1 of 1 people found this review helpful

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amazing

one of the most addictive and wonderful stories I've read. told in true innocence of a child. fabulous story.

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Very moving

expertly narrated. compelling very sad story. a story of true innocence. film and book both excellent

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  • CG
  • Yorkshire
  • 03-06-19

Great story & brilliantly read

Having read this book a while ago, I revisited it in audiobook for & was so impressed.

The book is as impressive as always but the narration is really top class, brilliantly read and bought to life.

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Great Book.

Great Book

I highly recommend this book and I hope you enjoy reading it as much as I did.

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Really interesting take on the Holocaust.

A great book, told from the perspective of a 9 year old German boy. Recommended.

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A well written & well narrated, enjoyable book

We bought this to be one step ahead for when kids go to secondary school. I always though the books in "English" lessons were (not very good). This completely changed our minds, so well written, so well narrated and a very unique viewpoint. I can see why they chose it for secondary schools.

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  • Ashley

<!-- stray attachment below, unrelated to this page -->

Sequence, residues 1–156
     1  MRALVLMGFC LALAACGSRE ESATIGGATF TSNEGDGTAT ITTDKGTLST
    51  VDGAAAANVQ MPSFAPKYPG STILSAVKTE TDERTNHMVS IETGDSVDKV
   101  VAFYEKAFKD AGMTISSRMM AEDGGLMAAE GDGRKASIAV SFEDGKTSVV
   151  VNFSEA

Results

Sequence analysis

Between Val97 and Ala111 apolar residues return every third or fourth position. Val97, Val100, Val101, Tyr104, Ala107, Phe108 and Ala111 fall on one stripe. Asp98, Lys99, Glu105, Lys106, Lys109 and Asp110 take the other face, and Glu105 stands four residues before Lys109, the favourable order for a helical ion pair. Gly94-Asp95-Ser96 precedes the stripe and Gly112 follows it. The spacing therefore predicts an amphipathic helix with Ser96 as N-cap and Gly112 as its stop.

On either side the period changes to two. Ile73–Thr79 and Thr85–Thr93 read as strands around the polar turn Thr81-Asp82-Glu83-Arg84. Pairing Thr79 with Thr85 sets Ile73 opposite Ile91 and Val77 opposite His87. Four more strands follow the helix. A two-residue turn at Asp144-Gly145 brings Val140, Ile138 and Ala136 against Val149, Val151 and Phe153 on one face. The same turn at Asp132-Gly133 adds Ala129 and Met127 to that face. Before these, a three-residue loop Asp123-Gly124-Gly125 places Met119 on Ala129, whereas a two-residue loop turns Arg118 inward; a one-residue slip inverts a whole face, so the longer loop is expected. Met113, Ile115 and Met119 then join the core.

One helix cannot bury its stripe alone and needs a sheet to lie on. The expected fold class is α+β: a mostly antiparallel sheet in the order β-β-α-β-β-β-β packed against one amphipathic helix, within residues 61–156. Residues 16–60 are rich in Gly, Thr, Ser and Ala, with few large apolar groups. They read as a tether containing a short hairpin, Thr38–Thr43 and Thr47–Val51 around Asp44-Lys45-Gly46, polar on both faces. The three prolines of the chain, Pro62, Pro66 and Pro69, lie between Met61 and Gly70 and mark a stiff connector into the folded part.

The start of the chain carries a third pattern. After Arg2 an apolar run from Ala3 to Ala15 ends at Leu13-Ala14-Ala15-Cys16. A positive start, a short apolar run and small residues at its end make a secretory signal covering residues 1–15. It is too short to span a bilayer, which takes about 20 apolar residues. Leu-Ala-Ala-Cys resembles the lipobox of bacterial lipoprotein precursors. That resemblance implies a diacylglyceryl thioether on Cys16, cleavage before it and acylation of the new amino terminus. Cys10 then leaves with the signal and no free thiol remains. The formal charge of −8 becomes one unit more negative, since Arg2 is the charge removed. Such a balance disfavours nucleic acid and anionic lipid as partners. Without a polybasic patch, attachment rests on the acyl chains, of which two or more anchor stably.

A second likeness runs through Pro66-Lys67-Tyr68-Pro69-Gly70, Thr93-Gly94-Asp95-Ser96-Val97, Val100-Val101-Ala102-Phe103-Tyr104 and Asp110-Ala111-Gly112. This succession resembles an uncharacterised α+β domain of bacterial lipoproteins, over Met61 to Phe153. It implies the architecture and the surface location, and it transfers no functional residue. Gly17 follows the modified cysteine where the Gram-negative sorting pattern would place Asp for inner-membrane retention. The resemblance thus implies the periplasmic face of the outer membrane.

• 23-10-18

I could not stop thinking about this book!

Every time I pause this book, I keep thinking about it and want to play it or read it!
This book has an amazing way to make you look at things from many different perspectives!
Great read! I highly recommend it!!
Best performance too! Can't wait to watch the movie!

1 of 1 people found this review helpful

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  • Anonymous User
  • 31-10-18

Innocence and Hope<br />

Enjoyed it. Very well told. Opened up the view from both sides of the fence.

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  • Jane
  • 05-12-17

Very much enjoyed

Honest and captivating and short and sweet. I enjoyed this book. Would only have wanted the end to be more concise.

1 of 2 people found this review helpful

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  • ANIL SHAH
  • 06-04-17

A wonderful perspective

It is a wonderful book from a 9 year old German boy who seems oblivious to what is happening and questions some the the happenings that time in a very innocent perspective. It is true that not everyone knew especially kids at that time what was going on and it is a great start to knowing more about world war 2 and read more serious books later on about the subject. The narration is excellent and overall an amazing experience. Love it.

1 of 3 people found this review helpful